Our main area of interest is the study of the interaction between the HIV virus and its target cells. In the process of this interaction, the protein of the cell envelope (its exterior protein) plays a key role, namely that it has a determining influence on the viral cytopathicicity (virulence) of the virus and in the response of antibodies effective against the virus.
In order to study these factors, our research group is conducting research into a strong cellular component closely linked with immunology and virology. Understanding how the HIV virus interacts with its target cells and how these cells respond to attack is crucial so as to determine the key points in the HIV life cycle which could be used as therapeutic targets, both pharmacological (antiretrovirals) and immunological (vaccines).
The HIV envelope protein is responsible for the union of the virus with the cell, and opening the cell membrane, a process known as “fusion”, enabling the entry of the virus and the subsequent infection of the target cell. As well as appearing on the surface of the virus, this protein is visible in the membrane of infected cells, and it is here that its functions are magnified, becoming the main cause of the destruction of CD4 cells and the spread of the viral infection.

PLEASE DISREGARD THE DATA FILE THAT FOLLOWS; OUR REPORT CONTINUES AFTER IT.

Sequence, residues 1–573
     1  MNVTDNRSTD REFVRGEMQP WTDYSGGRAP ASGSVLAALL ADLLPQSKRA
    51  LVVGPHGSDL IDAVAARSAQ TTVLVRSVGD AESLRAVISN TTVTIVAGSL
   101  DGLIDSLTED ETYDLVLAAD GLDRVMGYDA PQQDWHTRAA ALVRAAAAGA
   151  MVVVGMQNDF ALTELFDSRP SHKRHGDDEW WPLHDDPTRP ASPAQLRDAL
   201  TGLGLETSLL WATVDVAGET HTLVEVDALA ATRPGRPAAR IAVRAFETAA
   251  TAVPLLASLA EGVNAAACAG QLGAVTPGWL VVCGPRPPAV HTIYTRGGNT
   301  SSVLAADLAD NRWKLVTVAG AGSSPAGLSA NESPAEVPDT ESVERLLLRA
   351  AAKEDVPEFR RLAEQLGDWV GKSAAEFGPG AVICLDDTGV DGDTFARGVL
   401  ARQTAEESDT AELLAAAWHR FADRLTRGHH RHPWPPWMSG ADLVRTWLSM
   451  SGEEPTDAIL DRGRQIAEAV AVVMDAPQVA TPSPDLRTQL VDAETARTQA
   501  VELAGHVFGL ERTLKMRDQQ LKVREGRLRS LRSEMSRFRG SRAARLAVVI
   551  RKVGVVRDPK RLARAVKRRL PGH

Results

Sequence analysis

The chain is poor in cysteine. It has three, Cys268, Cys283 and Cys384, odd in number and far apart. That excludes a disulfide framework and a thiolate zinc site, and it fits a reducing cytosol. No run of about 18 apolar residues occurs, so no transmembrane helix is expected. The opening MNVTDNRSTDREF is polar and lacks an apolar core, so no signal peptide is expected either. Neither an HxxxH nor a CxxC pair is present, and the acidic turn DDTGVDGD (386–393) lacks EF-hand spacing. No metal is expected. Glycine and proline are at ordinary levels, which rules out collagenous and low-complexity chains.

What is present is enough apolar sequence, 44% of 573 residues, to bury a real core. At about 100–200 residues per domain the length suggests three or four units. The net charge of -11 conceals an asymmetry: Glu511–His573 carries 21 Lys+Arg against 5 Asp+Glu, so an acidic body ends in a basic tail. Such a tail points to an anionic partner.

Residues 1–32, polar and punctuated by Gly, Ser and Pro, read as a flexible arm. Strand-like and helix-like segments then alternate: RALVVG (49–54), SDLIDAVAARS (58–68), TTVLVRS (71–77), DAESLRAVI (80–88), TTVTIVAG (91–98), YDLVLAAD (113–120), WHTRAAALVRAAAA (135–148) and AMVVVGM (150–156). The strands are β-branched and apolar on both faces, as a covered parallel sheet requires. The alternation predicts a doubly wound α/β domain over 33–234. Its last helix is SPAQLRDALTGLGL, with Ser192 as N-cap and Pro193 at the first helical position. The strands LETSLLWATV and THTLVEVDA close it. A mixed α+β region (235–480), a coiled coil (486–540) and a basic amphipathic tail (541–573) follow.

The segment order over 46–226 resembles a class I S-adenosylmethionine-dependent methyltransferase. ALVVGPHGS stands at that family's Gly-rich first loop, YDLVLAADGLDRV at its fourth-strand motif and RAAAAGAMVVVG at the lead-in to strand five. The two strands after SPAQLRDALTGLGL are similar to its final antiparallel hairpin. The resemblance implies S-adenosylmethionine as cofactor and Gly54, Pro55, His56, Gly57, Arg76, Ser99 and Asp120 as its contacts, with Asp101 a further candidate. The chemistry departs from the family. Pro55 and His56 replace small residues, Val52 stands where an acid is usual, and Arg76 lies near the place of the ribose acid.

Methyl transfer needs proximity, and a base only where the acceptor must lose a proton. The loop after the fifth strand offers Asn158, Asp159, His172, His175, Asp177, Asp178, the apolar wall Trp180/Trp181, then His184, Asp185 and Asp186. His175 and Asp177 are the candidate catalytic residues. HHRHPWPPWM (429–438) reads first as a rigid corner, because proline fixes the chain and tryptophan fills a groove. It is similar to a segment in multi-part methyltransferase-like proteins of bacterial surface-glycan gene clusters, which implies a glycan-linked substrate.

Viruses joined to a CD4 cell
Viral synapse between an infected cell (left) and CD4 cell (right) (images courtesy of Maria Teresa Fernández Figueras, Dept of Pathological Anatomy, HUGTIP, Hospital Germans Trias I Pujol, Badalona.)
The appearance of the viral envelope over the surface of the cell enables it to establish strong contacts with surrounding target cells. These contacts, which form a synaptic structure called “viral synapse”, have been analyzed in the last few years in our laboratory using an excellent experimental model for studying HIV-induced cell death.
Our interest in cellular contact has been strengthened as a result of its role in the dissemination of in vivo viral infection via a mechanism known as “cell-to-cell viral transmission”. The study of this mechanism, the factors that control it and their consequences for in vivo viral infection (reservoirs, neutralizing antibodies and cell death) are all covered in the principal areas of investigation of the research group.
In order to address these issues, we need to identify both the different factors that affect the functions of the viral envelope, and the protein in the HIV virus with the most variability. For this purpose, the group has developed techniques for analyzing RNA envelopes, their expansion over the surface of cells and the viruses themselves, their capacity to interact and fuse with target cells and escape mechanisms in drugs and antibodies.